DON MARSH, EDITOR
A costly stimulus plan skewed toward saving public-employee union jobs, Employee Free Choice Act twaddle, an executive order favoring project labor agreements on federal contracts and an AFL-CIO veteran's recess appointment to the National Labor Relations Board have made Washington, D.C., unusually hospitable to organized labor for 18 months and counting.
But in a decision near the close of its term, the Supreme Court showed how groups enjoying a brief window of inordinate influence on Capitol Hill and in the White House are not beyond the law of the land. Reviewing Granite Rock Co. v International Brotherhood of Teamsters, the justices unanimously found that the National Labor Relations Act does not preempt the Watsonville, Calif., producer's claims against IBT for its role in June-September 2004 strikes at concrete, aggregate and road-building sites. The finding accompanied a decision dissecting lower courts' response to disputes surrounding ratification date of a collective bargaining agreement (CBA) between Graniterock and Teamsters Local 287. Graniterock describes a course of conduct that does indeed seem to strike at the heart of the collective bargaining process federal labor laws were designed to protect, writes Associate Justice Clarence Thomas in the opinion.
The Supreme Court decision and CBA ratification date are central to breach-of-contract and strike damage claims the company can now pursue against both the local and international. The Teamsters Union decided to hold [our] Team Members hostage and use blackmail to escape responsibility for what they did. The Court obviously values the promises made in collective bargaining agreements, Graniterock Preventive Maintenance Manager Tom Treanor noted in a company statement. Unions will be held responsible for their conduct because of the Supreme Court's decision, and the payment of damages will push their actions into the light of day.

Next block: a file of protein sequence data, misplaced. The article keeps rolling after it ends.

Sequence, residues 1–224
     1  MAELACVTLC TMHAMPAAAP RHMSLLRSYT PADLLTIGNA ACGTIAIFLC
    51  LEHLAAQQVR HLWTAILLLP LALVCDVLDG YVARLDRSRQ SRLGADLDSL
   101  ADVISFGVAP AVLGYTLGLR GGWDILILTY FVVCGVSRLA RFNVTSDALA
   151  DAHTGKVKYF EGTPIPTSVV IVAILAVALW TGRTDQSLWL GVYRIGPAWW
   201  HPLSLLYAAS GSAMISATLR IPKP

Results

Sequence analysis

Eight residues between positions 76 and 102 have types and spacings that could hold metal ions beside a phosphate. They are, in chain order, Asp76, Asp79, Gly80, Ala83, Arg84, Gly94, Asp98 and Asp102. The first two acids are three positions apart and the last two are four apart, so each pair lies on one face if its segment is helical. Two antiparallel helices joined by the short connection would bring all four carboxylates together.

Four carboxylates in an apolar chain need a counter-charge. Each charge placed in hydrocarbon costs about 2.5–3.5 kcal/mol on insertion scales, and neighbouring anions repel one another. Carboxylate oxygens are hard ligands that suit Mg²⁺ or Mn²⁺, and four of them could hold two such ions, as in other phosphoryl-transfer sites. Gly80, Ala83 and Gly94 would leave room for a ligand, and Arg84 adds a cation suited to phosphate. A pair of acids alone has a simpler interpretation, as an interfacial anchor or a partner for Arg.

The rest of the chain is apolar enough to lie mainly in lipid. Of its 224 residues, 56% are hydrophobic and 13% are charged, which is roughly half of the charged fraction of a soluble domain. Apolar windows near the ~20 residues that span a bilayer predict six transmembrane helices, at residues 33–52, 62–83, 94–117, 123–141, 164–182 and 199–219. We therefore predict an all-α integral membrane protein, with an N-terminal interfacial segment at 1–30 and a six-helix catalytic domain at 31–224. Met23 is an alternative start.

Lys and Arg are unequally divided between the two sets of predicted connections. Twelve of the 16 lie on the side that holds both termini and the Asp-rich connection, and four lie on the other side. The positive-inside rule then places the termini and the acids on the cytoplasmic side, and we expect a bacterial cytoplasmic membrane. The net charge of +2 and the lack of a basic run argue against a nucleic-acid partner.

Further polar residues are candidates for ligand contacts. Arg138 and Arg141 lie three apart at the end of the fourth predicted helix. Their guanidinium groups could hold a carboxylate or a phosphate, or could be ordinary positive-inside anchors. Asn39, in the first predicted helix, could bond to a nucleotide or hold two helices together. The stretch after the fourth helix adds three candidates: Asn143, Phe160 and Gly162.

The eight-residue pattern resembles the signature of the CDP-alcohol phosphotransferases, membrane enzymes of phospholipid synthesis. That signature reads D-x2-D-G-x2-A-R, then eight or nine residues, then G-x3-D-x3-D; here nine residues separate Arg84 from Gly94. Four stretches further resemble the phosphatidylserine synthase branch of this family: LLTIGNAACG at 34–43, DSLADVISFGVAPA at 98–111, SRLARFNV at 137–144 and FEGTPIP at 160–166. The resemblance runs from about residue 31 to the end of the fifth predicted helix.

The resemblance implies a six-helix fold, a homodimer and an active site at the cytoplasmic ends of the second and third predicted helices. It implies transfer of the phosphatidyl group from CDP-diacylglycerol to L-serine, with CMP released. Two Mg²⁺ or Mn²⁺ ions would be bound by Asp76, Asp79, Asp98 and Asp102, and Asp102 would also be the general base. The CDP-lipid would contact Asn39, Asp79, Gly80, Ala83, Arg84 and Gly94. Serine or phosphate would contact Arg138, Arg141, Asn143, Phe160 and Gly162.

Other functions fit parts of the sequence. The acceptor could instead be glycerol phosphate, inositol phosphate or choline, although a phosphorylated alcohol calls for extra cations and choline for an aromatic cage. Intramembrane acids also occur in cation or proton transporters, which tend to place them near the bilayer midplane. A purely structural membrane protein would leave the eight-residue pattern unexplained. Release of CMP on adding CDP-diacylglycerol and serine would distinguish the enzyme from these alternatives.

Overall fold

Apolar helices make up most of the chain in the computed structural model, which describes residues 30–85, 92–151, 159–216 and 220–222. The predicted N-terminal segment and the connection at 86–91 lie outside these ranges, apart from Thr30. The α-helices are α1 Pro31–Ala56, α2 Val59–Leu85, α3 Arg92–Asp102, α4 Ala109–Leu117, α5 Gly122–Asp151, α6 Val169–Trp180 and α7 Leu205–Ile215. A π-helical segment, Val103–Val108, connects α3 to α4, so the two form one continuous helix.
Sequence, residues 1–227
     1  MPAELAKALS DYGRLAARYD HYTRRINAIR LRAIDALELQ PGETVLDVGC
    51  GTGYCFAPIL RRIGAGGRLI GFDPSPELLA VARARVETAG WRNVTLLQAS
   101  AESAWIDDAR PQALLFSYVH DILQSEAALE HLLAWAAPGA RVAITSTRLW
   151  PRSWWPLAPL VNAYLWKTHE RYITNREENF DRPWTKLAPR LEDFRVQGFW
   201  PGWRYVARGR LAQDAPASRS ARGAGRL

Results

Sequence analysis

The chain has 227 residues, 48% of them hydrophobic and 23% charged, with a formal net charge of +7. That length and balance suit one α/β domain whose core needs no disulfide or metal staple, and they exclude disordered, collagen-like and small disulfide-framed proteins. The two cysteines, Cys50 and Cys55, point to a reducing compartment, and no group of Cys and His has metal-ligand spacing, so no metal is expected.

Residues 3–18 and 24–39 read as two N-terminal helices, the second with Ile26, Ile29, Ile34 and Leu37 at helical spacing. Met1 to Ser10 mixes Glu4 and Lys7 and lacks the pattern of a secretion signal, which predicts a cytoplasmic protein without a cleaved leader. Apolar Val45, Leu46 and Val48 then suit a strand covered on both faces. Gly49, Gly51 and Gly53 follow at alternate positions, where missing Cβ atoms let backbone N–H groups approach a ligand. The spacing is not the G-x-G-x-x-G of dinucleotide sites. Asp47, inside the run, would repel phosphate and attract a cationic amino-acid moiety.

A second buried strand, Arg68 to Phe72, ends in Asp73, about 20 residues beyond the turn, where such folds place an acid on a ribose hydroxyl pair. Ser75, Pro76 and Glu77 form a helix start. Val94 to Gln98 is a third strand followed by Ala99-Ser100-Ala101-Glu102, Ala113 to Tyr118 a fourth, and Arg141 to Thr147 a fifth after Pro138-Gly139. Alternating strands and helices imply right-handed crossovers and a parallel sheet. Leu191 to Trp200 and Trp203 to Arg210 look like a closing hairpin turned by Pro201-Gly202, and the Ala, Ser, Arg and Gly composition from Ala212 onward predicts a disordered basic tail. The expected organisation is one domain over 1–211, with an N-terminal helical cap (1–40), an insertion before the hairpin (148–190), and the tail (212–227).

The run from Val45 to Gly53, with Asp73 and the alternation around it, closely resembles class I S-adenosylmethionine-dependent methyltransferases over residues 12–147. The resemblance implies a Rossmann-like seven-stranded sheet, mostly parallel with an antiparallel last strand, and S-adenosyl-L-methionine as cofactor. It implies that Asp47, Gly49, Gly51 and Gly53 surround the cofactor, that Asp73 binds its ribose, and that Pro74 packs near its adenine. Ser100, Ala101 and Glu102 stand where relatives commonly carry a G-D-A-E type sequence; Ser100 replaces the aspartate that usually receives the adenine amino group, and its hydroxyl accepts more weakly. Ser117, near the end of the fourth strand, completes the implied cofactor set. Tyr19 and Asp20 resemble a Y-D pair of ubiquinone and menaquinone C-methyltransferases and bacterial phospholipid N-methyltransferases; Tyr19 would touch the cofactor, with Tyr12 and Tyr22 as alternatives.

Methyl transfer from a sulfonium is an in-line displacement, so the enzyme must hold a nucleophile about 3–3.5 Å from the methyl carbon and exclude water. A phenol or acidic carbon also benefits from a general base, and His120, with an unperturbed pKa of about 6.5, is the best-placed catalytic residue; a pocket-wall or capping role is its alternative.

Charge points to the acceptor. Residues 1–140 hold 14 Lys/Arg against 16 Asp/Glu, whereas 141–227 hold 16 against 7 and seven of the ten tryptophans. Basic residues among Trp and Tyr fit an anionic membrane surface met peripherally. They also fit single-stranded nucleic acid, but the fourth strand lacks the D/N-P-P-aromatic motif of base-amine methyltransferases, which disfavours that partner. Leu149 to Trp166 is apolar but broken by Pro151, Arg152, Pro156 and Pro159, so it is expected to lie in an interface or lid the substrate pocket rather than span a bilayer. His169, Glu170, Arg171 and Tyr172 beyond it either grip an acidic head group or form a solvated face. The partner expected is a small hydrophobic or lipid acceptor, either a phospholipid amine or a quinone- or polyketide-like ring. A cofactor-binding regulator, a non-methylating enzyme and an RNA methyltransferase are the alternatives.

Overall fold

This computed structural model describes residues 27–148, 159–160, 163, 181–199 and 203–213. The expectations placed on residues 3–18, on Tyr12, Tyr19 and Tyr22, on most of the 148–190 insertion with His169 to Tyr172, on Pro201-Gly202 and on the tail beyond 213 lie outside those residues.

The company seeks significant strike cost reimbursement, including employee back pay. Specific to IBT, We are in the process of thoroughly reviewing the decision. The Supreme Court has opened the door to additional legal steps, and we will carefully evaluate those and decide on the best course, affirms Graniterock counsel Garry Mathiason, of Littler Mendelson in San Francisco.
Prior to the case's arrival at the High Court, IBT had dodged Graniterock claims in the U.S. District Court for the Northern District of California, San Jose, and Ninth Circuit Court of Appeals, San Francisco. The latter, notes Graniterock attorney Kevin Jeffery, wrongfully granted the International immunity for interfering with the contract between Graniterock and the Local. [It] said there was effectively a Îno man's landÌ in the law that allowed an international union to cause the violation of contracts made by its locals, and legally avoid the consequences of its bad acts. The Ninth Circuit dismissed the International from the case. The Supreme Court refused to adopt this view.
In a 7-2 ruling that accompanied their finding on IBT's legal exposure, the justices reversed the appellate court's decision (separate report, page 8) that the CBA ratification date was subject to arbitration instead of the District Court (San Jose) jury trial that had found in Graniterock's favor. During his Supreme Court nomination hearings, Chief Justice John Roberts likened judges' roles to that of umpires; in Granite Rock v IBT, he and his colleagues find reason to call union officials out on strikes.